A mindful approach to loss attempts to meet grief directly. We can learn to simply observe our natural response to loss, at that moment, without judgment.  We can become curious: where do we feel emotions in our body? What color are they? What texture are they? In this moment, what is the nature of our emotional landscape? When opening to our emotions in a given  moment we may feel sadness, resistance, anger, vulnerability. Over time, we can accept that such emotions are natural and okay, and welcome them all in. None of the feelings associated with loss are “wrong,” nor should they be excluded. 

Being with the emotions of grief allows for their processing. We can build our capacity to be with strong emotions and over time the emotions can begin to quiet. The sadness of loss may not go away. However, we may begin to find it is not as disrupting or overwhelming as before. We begin to integrate the loss into the normal rhythms of our life. (See our free webinar on Working Mindfully with Grief)

4. Building compassion in the face of frequent loss

Compassion is an essential part of caring for others, but there can be times when it is difficult to express compassion to the person you care for. Caregivers commonly confront a lot of barriers to expressing compassion, including exhaustion, hunger, frustration, and feeling like what we are doing is not making a difference. 

Cultivating self-awareness through mindfulness gives us the mental space and clarity to identify when we come up against one of the common barriers to compassion. In recognizing these barriers (e.g. hunger), we can more easily overcome them (e.g. prioritize getting some food). It can be helpful to remember that we are not alone in facing barriers to compassion; all caregivers will experience some version of these barriers from time to time. Struggling to maintain compassion is a common part of caregiving, yet compassion is like a muscle, the more we work with it, the stronger it becomes. 

 Practicing compassion means also including oneself. For many, it is easier to experience compassion for others than it is for oneself. However, self-compassion is essential for caregivers to build resilience and avoid burnout (see our free webinar on Deepening compassion in challenging times).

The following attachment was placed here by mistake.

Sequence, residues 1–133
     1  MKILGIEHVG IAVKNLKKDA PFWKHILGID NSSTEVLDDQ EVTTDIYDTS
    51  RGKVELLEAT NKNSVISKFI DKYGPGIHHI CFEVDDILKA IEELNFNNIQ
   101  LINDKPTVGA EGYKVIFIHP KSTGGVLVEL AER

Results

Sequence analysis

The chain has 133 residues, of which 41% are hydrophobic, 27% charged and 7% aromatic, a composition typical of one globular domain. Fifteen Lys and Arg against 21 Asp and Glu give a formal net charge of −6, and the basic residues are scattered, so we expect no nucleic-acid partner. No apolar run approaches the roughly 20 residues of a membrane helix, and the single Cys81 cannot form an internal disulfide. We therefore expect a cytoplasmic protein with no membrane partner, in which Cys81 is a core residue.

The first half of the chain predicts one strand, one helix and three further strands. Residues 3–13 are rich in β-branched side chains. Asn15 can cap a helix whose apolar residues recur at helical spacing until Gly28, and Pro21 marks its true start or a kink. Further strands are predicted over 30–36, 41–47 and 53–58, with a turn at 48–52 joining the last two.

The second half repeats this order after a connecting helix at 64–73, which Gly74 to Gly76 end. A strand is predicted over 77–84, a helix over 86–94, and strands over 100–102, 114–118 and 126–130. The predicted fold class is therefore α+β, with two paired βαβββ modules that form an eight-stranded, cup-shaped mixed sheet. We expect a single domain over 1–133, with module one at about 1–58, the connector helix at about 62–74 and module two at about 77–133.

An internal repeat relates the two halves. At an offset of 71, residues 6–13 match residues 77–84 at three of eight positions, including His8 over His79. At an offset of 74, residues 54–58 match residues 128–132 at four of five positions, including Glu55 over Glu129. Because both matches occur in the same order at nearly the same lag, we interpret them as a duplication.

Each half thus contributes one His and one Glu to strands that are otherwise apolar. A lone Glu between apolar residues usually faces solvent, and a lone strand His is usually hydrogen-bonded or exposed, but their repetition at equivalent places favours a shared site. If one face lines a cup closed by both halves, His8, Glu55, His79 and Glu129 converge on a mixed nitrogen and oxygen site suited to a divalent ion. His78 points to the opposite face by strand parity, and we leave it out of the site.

“If your compassion does not include yourself, it is incomplete.“
– Jack Kornfield

5. Inviting a conversation with those we are serving

Conversations with care recipients about loss can feel awkward, but there are ways of approaching these conversations that support openness and care. We suggest approaching the conversation as a peer; another human being who experiences loss and grief. In this regard, we are all alike. Being aware of this common experience naturally brings increased empathy and compassion for the person we care for and can also make us feel more comfortable talking about loss with them. 

It is also helpful to notice if there is attachment to a particular outcome for a conversation and if so, try to let go of any goals and follow their lead. This will make it easier to meet others where they are. If the person we care for isn’t quite ready for a big conversation on loss, we can start by talking about change. This can provide an opening for a bigger conversation on change and loss in the future, if that’s where the care recipient wants to go as they get more comfortable with the topic.  

On a more practical level, we can set an intention to listen generously. This includes giving our full attention, using open-ended questions, allowing for silence, and checking our eagerness to express our own thoughts. 
We at Zen Caregiving Project hope that these approaches to working with loss help in your caregiving journey. We have more free resources on mindfulness and loss on our Resources pages, and our Mindful Caregiving Education courses also explore this important topic in a group setting.

Webinar on Loss and Grief as Initiation

Loss and the natural grief that accompanies it can be one of life’s primary transformational experiences.  In this session, Roy Remer explores how the pain and poignancy of loss can also teach us lessons which may be of benefit to others in our community. The session includes short meditations, opportunities for inner reflection, and guided exercises. 

This session was run on May 23, 2020, as part of Reimagine: Life, Loss, & Love, a Worldwide Virtual Festival on embracing life, facing death, and loving fully, during COVID-19.